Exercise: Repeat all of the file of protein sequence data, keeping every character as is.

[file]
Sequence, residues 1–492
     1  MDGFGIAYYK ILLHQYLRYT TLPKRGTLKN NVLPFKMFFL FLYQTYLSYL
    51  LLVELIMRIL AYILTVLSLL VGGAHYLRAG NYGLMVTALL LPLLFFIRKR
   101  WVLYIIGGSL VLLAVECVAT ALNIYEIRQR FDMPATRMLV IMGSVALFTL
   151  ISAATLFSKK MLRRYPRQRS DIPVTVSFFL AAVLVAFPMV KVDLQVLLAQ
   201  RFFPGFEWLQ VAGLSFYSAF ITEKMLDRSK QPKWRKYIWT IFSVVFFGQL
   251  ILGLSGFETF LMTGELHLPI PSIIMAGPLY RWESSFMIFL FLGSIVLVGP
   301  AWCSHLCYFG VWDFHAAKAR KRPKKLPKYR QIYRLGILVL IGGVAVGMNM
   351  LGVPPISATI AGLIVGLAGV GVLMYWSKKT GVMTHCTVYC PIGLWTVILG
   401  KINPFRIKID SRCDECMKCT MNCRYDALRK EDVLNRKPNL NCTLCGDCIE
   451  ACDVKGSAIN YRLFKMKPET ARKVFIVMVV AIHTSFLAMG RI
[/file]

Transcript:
Sequence, residues 1–492
     1  MDGFGIAYYK ILLHQYLRYT TLPKRGTLKN NVLPFKMFFL FLYQTYLSYL
    51  LLVELIMRIL AYILTVLSLL VGGAHYLRAG NYGLMVTALL LPLLFFIRKR
   101  WVLYIIGGSL VLLAVECVAT ALNIYEIRQR FDMPATRMLV IMGSVALFTL
   151  ISAATLFSKK MLRRYPRQRS DIPVTVSFFL AAVLVAFPMV KVDLQVLLAQ
   201  RFFPGFEWLQ VAGLSFYSAF ITEKMLDRSK QPKWRKYIWT IFSVVFFGQL
   251  ILGLSGFETF LMTGELHLPI PSIIMAGPLY RWESSFMIFL FLGSIVLVGP
   301  AWCSHLCYFG VWDFHAAKAR KRPKKLPKYR QIYRLGILVL IGGVAVGMNM
   351  LGVPPISATI AGLIVGLAGV GVLMYWSKKT GVMTHCTVYC PIGLWTVILG
   401  KINPFRIKID SRCDECMKCT MNCRYDALRK EDVLNRKPNL NCTLCGDCIE
   451  ACDVKGSAIN YRLFKMKPET ARKVFIVMVV AIHTSFLAMG RI